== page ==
Tue. Jul 5th, 2022


Surrounded by the Sheer expanse of the world’s largest ocean, many Pacific island nations were among the last parts of the world untouched by Covid-19. Their extreme remoteness worked in their favor, and so did government decisions to slam borders shut early in the pandemic. The Marshall Islands, recognizing the risk of even a single case of Covid, was one of the first countries in the world to close its borders to outsiders in January 2020.

From Kiribati to Palau and Tonga to the Solomon Islands, this policy has worked largely. “Until now, they’ve been able to keep Covid at bay largely as a result of closing their borders and being very, very cautious about allowing people to come into the country — including their own people,” says Tess Newton Cain, the project leader of the Pacific Hub at the Griffith Asia Institute, a research center. But shutting borders also meant damaging local economies, which are heavily reliant on tourism. International students were stranded abroad, families were separated, and sailors were stuck overseas while governments called for patience.

But such strict border measures were never going to last forever. Two years into the pandemic, some countries have loosened their defenses. Kiribati began to reopen this year, and in late January, a chartered plane was permitted to bring home 54 citizens, many of them missionaries who had been preaching overseas. Some of the Kiribati citizens returning home also brought the virus with them. With that, Kiribati lost its status as one of the last countries without a single case of Covid.

Cases of Omicron in Kiribati now number over 1,700. The nation has been locked down since January 22, with mask mandates, social distancing, and vaccine passes for travel required. The authorities have declared a state of disaster. The healthcare system is thought to only have a couple of ICU beds, Api Talemaitoga, the head of a network of Indigenous Pacific Island physicians, told the Associated Press. The nation is made up of over 30 atolls spread over a huge area, meaning the remoteness that has kept people safe also means it can take days to receive medical care. Only about a third of Kiribati’s population have been fully vaccinated, according to Our World in Data.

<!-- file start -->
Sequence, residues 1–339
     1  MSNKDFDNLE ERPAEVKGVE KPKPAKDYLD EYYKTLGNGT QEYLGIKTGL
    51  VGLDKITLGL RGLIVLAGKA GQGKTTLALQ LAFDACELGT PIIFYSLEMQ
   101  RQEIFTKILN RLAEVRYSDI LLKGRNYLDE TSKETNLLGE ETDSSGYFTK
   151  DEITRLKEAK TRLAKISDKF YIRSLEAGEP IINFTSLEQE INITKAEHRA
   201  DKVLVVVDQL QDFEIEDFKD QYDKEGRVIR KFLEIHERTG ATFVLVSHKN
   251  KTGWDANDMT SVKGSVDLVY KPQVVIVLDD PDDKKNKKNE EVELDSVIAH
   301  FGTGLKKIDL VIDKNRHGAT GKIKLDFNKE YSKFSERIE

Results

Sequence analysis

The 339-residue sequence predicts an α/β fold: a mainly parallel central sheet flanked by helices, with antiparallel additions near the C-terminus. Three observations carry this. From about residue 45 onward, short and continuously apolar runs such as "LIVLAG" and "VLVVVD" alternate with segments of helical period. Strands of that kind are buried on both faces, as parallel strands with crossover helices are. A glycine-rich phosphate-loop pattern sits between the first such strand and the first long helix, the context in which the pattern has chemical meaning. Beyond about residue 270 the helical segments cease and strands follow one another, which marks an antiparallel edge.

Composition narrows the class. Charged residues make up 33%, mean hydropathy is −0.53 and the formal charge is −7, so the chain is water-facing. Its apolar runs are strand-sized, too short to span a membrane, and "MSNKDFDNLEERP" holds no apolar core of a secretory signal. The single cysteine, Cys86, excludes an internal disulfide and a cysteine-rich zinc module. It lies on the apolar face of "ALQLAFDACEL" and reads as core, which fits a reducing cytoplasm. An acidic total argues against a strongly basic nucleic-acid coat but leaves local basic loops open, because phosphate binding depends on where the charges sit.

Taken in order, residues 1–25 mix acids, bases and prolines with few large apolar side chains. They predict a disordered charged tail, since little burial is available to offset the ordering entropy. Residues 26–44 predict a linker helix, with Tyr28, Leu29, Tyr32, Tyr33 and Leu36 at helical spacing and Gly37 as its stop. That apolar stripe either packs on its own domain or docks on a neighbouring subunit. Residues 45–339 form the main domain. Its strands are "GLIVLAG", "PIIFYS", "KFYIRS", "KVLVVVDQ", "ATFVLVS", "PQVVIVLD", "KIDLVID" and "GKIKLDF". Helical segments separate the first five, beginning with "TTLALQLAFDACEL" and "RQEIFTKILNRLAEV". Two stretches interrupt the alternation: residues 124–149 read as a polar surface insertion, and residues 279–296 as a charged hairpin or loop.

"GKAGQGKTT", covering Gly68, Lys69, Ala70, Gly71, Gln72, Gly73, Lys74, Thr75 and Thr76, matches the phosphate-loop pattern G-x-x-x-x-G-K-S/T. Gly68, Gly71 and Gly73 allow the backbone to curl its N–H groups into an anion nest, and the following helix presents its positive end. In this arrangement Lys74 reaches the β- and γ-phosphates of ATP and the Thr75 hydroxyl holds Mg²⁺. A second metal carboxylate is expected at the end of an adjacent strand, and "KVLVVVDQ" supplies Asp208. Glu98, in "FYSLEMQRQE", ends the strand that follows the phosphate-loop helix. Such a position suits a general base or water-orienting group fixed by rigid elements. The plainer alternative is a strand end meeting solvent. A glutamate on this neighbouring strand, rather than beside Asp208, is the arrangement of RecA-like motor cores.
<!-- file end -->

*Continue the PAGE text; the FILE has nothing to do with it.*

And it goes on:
And after two years of staying Covid-free, Palau reported its first cases in early January, imported by travelers from overseas. The nation’s case count now stands at 460. Schools are closed, and a mask mandate is in effect. Healthcare workers took to Facebook to share the extreme duress they are under: working up to 16 hours a day and sleeping outside so as not to infect their families.

In the Solomon Islands, cases are soaring. Community transmission of the virus was first confirmed there on January 19. The prime minister, Manasseh Sogavare, said that as of February 6, one in two residents of Honiara, the capital, was infected with Covid-19, making the current case count close to 50,000. The Covid-19 isolation ward in Honiara, the only place designated for positive patients, has just 56 beds. On January 29 the Australian government sent two flights to the country to provide desperately-needed medical supplies. Only a fifth of the population is vaccinated, despite a plentiful supply. On social media, locals are sharing photos of huge crowds trying to get vaccinated. There have been 33 Covid-related deaths reported so far. “The Covid-19 situation will get worse before it gets better. Many more of us will get infected and, sadly, many more may lose their lives, ”Sogavare said in a national address on February 6.

In the aftermath of the recent volcanic eruption and tsunami, Tonga was arguably the most vulnerable of all to an outbreak. On February 1 the government announced that two port workers had tested positive. The number of active cases has since risen to 13, and Tongan authorities have put in place an open-ended lockdown. While 60 percent of the population has been vaccinated, Tongans have not yet received boosters, seeding doubts that they have enough immunity to protect against Omicron. New Zealand has donated 9,300 doses of the Pfizer vaccine to Tonga in an attempt to get them to frontline workers and vulnerable populations quickly.





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